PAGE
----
Thursday, August 21, 2008

Babesia

I don't know if my comments about Bartonella are correct. But I am convinced Babesia is the real thing. Labcorp and Quest will only test for B. microti. Babesia duncati or W.A. is supposed to occur only on the west coast. My east cost patients test positive for this strain at IgeneX. Other strains may be pathogenic. We really don't know. There is no accurate test. Only acute disease is associated with positive blood smears. PCR is a nice idea but it only works if you know which strains you are testing for. The IgeneX FISH test only looks for microti strains as well. I look for malaria like symptoms: sweats, chills, flu like symptoms, fever and malaise which occur in a cyclical, undulating fashion. If severe Lyme patients without any of these symptoms fail to respond to treatment as expected anti-Babesial therapy frequently does the trick. The IDSA claims that the diagnosis requires a positive blood smear or PCR test in a patient with acute typical symptoms. The standard medical wisdom is that Babesia is generally a minor infection which the immune system readily clears in most cases without treatment. They seemed to have missed the boat on this one. I guess that doesn't shock anyone.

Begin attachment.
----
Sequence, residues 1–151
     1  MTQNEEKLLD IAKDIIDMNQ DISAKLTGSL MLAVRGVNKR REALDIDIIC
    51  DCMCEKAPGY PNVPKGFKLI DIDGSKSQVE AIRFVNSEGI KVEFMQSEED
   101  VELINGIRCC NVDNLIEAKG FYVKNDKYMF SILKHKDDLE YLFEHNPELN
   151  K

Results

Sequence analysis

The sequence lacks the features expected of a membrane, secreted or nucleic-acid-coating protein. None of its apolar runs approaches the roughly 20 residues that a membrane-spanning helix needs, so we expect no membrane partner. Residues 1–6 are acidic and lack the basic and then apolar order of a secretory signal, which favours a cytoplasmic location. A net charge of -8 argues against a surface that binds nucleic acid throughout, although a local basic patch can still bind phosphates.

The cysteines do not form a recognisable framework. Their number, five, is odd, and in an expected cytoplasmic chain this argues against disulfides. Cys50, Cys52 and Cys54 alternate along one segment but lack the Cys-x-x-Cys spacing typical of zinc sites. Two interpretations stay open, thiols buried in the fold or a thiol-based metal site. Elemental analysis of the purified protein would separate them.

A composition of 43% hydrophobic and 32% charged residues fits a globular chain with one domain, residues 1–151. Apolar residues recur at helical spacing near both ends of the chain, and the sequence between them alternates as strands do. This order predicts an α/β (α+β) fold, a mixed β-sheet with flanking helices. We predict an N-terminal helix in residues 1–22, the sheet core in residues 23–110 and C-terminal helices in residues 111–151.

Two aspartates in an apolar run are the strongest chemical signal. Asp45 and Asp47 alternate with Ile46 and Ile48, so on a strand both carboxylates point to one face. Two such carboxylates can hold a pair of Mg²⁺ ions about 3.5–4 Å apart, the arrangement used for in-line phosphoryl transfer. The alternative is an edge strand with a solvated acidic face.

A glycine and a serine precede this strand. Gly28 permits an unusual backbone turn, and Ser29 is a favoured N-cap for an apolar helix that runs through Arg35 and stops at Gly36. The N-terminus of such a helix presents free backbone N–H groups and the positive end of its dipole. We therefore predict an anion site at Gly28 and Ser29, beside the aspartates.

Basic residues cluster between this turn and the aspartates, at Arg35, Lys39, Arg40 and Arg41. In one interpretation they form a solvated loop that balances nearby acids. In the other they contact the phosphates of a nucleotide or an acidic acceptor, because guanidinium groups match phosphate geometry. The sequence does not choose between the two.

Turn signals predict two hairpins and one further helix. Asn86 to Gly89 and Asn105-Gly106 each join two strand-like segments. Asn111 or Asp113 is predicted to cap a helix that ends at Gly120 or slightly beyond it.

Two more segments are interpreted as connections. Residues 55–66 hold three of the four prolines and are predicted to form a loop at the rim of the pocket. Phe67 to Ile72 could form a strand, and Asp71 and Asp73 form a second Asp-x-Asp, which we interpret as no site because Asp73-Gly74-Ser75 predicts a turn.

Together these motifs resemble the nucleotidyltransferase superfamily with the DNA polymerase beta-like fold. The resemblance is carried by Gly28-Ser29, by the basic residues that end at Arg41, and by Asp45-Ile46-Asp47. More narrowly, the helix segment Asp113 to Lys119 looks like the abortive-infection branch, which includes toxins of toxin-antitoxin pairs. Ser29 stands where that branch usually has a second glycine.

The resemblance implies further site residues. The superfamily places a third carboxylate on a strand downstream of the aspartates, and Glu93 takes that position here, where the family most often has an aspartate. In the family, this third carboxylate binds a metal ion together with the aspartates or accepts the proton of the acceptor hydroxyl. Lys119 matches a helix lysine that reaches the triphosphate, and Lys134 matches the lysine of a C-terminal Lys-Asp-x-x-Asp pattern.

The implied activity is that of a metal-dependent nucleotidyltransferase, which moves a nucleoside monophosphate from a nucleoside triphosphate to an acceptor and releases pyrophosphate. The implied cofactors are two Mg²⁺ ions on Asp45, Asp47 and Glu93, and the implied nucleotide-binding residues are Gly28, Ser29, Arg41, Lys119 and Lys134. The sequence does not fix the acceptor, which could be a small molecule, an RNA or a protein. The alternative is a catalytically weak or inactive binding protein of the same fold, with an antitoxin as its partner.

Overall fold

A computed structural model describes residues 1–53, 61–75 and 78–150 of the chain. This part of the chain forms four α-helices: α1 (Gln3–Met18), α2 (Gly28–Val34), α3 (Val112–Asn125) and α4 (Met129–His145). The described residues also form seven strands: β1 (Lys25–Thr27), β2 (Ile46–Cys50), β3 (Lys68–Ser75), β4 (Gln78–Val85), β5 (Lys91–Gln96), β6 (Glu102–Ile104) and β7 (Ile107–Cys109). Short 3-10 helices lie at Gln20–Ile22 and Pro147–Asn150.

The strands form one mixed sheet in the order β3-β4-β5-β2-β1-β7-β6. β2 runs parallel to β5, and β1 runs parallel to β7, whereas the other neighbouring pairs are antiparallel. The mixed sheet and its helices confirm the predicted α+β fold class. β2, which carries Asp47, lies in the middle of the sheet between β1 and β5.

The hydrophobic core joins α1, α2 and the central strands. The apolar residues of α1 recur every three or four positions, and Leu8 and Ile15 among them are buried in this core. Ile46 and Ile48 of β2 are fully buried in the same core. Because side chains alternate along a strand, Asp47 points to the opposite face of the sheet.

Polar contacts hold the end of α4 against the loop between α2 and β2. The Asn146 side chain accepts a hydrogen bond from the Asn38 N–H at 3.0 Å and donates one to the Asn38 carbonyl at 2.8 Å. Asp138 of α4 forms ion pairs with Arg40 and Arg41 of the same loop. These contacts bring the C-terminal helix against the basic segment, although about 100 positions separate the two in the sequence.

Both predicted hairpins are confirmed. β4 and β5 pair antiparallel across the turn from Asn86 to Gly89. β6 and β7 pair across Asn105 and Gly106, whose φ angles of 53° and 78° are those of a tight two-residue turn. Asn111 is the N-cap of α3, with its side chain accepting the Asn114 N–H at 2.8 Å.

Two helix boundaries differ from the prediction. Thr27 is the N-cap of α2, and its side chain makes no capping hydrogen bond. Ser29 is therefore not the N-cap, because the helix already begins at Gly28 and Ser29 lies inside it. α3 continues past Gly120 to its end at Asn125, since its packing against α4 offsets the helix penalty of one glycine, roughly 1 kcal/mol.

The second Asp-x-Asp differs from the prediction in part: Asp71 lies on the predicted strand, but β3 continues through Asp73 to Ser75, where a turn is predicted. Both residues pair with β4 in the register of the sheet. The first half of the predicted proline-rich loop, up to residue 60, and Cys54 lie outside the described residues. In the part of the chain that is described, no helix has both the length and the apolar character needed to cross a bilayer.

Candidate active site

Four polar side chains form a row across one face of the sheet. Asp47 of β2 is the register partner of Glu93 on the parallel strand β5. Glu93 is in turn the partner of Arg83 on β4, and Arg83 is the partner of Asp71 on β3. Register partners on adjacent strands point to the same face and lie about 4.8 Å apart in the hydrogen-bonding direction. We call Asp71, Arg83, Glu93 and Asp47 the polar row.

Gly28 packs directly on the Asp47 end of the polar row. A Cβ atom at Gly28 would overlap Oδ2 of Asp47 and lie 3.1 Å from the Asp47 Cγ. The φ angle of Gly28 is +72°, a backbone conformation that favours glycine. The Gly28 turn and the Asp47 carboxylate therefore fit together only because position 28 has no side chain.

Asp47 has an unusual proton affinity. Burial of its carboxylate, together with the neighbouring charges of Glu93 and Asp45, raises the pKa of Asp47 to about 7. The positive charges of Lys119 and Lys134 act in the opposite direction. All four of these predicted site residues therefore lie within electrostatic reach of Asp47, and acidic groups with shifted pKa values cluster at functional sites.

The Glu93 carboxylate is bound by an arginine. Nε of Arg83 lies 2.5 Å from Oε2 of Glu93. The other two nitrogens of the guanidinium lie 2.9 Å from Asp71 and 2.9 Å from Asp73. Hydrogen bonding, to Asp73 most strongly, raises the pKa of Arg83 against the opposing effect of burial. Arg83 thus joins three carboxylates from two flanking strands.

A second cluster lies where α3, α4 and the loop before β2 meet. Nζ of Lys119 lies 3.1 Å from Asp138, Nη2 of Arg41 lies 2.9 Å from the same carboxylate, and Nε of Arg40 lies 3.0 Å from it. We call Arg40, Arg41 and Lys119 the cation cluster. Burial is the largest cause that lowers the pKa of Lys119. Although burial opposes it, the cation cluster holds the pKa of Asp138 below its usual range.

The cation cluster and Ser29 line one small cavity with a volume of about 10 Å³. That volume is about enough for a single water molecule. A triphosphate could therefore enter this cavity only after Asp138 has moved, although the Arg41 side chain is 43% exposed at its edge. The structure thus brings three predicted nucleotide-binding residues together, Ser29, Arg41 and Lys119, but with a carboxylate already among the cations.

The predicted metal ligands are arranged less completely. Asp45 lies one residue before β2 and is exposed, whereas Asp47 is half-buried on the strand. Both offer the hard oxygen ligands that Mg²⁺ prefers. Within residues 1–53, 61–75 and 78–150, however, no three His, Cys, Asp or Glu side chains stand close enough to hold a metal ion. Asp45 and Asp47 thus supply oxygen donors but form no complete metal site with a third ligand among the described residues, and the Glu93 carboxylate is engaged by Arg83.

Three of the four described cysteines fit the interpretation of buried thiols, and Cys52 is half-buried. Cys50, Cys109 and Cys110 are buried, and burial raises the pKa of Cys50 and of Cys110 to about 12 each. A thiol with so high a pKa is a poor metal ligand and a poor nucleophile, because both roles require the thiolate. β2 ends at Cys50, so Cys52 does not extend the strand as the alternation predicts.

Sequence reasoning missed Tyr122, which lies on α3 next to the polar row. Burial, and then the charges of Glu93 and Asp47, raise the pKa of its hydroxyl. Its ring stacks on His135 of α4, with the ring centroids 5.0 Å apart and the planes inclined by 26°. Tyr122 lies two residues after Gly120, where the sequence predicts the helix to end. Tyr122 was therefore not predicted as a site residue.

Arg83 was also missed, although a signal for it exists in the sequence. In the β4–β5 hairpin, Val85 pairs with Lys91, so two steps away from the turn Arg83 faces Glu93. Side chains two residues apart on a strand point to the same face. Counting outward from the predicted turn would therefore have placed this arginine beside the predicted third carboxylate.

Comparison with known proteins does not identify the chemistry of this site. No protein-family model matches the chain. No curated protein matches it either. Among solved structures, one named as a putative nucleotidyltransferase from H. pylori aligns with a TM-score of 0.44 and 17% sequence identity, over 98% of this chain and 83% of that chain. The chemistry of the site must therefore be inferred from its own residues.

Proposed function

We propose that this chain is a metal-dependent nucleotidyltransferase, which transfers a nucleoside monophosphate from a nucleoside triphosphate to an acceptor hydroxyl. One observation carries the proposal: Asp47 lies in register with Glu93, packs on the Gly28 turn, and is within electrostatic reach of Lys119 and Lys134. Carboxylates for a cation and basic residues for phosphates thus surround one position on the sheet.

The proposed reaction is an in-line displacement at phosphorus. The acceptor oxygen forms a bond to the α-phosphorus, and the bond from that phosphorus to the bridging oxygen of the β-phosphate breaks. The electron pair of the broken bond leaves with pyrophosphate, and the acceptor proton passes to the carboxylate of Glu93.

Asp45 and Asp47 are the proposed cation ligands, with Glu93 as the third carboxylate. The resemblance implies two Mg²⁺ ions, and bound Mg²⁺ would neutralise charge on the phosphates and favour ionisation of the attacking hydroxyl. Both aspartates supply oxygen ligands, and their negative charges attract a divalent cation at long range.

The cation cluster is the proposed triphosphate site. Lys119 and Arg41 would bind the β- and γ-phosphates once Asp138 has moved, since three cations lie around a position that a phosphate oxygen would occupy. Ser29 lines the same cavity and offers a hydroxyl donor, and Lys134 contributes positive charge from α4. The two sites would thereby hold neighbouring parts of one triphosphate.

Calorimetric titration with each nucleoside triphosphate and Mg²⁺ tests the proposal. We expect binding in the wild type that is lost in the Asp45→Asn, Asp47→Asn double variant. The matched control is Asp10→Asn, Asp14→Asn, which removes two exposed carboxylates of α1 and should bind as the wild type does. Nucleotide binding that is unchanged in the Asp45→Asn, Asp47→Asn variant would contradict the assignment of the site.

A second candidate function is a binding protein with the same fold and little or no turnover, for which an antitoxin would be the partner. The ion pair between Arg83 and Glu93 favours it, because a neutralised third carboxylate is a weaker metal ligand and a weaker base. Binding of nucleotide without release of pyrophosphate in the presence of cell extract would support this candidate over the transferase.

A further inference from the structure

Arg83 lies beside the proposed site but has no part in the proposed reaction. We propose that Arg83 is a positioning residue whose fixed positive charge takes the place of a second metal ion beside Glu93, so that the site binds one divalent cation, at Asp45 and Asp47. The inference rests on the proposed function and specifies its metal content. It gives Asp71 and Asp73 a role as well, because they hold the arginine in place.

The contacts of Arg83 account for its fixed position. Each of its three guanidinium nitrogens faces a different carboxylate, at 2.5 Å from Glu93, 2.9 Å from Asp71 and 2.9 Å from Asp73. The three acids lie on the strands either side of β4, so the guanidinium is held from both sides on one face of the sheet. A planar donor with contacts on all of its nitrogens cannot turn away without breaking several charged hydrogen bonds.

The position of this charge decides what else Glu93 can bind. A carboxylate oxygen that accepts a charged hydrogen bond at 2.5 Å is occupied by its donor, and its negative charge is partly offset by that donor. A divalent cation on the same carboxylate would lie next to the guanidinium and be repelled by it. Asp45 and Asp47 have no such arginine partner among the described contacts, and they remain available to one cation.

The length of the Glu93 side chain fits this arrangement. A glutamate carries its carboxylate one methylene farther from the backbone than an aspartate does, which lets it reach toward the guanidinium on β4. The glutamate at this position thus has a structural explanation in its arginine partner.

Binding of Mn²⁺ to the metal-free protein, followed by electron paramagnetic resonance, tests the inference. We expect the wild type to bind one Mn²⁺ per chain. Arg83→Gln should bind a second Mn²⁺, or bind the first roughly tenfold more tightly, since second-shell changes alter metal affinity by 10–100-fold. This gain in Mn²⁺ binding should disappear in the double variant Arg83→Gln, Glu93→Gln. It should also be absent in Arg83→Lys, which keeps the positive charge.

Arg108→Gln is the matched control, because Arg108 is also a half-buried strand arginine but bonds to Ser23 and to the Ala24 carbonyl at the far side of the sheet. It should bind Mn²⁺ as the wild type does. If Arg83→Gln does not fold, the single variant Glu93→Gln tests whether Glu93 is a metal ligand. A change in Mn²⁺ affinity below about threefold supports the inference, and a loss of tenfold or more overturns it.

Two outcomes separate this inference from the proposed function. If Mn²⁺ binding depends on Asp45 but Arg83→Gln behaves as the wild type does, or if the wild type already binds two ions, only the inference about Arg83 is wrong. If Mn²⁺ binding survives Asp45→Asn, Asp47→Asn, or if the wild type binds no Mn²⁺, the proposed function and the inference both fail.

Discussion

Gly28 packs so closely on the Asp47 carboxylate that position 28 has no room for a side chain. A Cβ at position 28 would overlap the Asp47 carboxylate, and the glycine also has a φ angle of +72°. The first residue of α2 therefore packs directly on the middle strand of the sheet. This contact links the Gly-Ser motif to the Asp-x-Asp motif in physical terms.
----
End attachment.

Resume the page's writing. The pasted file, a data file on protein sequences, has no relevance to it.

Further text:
2 comments:

Avalon said...

I am very confused about Babesia. About 3 weeks after being diagnosed with Lyme, I was checked for co-infections, also through Quest. The Babesia came back positive. It was rechecked 2 weeks later.....same lab, result was " supposedly" negative. The doctor explained that if the Babesia was still existing, we should have seen a rise in the numbers. She feels that babs is "self-limiting" and therefore is not treating it.

I still have profound fatigue, sweats at the slightest exertion, headaches,etc.I had an original 4 week course of Ceftin, and just this week, started on a 2 week course of Doxy because of continuing symptoms.

Should the Babs be treated, or is it true that it self-limits?

Lyme report: Montgomery County, MD said...

Babesia is hard to predict. Acute Babesia can be very serious. Many Lyme patients have chronic Babesia. Acute Babesia should be treated with Zithro and Mepron. Changes in antibodies are not an accurate way to evaluate the illness. Your symptoms are typical of Babesia. You could get further testing with a blood smear, a PCR or a FISH test from IgeneX. None of these are reliable. From what I am hearing: treat. See a LLMD.